A couple

In mechanics, a couple is a system of forces with a resultant moment but no resultant force.

Its effect is to create rotation without translation, or more generally without any acceleration of the centre of mass.

In rigid body mechanics, force couples are free vectors, meaning their effects on a body are independent of the point of application.

The resultant moment of a couple is called a torque.

This is not to be confused with the term torque as it is used in physics, where it is merely a synonym of moment. Instead, torque is a special case of moment in mechanics.

Torque has special properties that moment does not have, in particular the property of being independent of reference point.

Definition of a couple

A couple is a pair of forces, equal in magnitude, oppositely directed, and displaced by perpendicular distance or moment.


The simplest kind of couple consists of two equal and opposite forces whose lines of action do not coincide. This is called a "simple couple".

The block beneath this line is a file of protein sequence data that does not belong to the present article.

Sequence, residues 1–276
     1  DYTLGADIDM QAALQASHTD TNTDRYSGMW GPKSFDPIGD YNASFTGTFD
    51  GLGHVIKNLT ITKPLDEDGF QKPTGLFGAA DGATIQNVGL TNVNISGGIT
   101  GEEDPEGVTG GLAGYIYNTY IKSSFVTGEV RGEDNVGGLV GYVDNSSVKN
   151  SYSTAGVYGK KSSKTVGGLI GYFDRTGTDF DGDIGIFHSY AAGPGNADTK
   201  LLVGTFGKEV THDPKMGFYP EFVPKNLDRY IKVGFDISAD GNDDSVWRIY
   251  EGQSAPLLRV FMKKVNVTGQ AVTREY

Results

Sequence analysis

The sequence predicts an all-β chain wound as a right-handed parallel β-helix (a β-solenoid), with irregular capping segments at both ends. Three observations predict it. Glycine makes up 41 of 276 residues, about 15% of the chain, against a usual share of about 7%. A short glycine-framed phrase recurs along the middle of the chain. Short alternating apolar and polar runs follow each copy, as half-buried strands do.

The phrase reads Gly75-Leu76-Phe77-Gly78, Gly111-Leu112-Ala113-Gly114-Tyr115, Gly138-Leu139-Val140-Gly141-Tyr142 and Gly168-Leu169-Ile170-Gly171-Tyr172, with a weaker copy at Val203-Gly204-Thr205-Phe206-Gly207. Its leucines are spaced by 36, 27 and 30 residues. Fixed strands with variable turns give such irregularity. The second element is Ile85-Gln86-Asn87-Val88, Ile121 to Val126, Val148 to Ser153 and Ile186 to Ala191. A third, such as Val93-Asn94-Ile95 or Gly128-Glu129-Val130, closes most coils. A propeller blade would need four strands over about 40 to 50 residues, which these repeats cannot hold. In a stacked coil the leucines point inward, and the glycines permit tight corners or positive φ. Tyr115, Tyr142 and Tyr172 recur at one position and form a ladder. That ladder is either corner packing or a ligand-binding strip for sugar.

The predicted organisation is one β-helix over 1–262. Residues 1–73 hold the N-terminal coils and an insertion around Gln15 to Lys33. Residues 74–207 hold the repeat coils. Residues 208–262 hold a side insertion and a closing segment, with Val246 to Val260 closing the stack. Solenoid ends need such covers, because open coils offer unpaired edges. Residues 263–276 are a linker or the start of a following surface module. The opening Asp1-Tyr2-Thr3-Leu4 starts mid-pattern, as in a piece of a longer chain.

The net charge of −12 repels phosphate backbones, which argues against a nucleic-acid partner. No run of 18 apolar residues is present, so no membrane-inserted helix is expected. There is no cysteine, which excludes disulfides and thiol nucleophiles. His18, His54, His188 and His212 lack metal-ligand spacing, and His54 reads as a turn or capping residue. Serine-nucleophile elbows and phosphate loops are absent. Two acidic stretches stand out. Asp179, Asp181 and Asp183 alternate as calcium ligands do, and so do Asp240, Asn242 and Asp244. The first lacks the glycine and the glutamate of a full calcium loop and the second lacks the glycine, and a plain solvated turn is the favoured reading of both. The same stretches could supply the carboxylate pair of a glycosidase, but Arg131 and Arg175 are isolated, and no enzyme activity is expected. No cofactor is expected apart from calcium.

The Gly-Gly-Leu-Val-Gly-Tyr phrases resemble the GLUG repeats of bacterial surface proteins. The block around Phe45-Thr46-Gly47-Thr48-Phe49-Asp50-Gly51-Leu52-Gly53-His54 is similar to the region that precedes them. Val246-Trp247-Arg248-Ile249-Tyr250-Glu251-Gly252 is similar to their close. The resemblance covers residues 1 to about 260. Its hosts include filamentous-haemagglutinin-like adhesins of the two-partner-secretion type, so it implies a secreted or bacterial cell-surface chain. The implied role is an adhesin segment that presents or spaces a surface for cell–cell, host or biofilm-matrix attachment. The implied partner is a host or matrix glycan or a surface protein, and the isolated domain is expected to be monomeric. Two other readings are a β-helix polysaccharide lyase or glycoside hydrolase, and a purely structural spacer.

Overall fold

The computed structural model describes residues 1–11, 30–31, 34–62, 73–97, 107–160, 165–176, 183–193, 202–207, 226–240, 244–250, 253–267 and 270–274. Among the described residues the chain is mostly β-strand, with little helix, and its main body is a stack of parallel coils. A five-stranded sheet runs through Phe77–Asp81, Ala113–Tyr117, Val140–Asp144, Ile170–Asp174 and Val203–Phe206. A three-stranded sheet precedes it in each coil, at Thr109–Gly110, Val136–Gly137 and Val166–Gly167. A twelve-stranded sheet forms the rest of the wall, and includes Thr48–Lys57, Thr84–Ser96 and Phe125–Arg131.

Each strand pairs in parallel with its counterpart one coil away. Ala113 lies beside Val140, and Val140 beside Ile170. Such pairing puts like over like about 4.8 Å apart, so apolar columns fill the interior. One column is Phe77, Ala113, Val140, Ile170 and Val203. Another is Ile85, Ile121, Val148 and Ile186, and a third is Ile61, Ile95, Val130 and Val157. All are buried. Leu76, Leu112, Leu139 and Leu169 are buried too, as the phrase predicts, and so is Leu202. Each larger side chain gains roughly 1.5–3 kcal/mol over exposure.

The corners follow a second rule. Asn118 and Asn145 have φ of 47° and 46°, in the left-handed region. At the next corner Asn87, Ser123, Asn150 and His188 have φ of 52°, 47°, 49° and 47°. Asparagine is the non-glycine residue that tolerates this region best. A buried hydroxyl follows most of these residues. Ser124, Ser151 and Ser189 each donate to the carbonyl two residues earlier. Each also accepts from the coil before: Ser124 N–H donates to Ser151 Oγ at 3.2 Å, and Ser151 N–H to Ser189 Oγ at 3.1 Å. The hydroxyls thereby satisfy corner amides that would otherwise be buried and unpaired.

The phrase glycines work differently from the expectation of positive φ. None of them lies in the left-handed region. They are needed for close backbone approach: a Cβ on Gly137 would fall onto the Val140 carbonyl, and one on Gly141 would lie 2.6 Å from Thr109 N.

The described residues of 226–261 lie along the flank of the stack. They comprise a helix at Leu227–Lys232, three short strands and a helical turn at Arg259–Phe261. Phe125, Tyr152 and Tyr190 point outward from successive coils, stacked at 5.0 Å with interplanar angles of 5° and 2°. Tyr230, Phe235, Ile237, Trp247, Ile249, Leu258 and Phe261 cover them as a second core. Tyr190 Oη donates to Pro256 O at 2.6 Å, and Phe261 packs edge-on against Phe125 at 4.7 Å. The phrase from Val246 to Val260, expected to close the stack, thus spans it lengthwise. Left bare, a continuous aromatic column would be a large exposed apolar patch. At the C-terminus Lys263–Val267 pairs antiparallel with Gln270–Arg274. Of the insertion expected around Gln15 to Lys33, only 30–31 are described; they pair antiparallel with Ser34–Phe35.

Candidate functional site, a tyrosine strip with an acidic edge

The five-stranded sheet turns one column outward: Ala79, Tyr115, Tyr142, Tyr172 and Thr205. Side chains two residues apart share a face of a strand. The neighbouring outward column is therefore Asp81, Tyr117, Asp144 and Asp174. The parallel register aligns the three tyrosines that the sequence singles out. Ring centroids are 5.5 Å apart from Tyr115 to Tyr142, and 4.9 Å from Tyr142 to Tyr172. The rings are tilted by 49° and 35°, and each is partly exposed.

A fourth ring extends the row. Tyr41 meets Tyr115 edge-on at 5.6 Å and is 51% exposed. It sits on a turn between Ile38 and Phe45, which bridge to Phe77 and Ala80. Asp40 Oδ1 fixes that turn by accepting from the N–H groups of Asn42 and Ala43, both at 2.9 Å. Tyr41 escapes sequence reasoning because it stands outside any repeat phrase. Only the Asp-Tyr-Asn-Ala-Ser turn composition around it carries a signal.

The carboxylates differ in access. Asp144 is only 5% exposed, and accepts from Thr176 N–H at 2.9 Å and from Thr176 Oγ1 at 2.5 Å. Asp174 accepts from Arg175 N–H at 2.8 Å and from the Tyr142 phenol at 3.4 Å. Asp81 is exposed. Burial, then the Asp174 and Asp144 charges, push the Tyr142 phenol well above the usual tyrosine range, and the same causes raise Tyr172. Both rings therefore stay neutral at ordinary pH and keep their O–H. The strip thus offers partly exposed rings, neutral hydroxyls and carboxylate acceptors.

The forces have a turning effect or moment, called a torque, about an axis or turning point which is normal (perpendicular) to the plane of the forces.

The SI unit for the torque of the couple is newton metre. Nm (the same as the unit for a moment).

If the two forces are F and − F, then the magnitude of the torque is given by the following formula:

τ = Fd


τ is the moment of couple

F is the magnitude of the force

d is the perpendicular distance between the two parallel forces.

The magnitude of the torque is equal to F x d, with the direction of the torque given by the unit vector ê, which is perpendicular to the plane containing the two forces and positive being a counter-clockwise couple.

When d is taken as a vector between the points of action of the forces, then the torque is the cross product of d and F

τ = l d x F l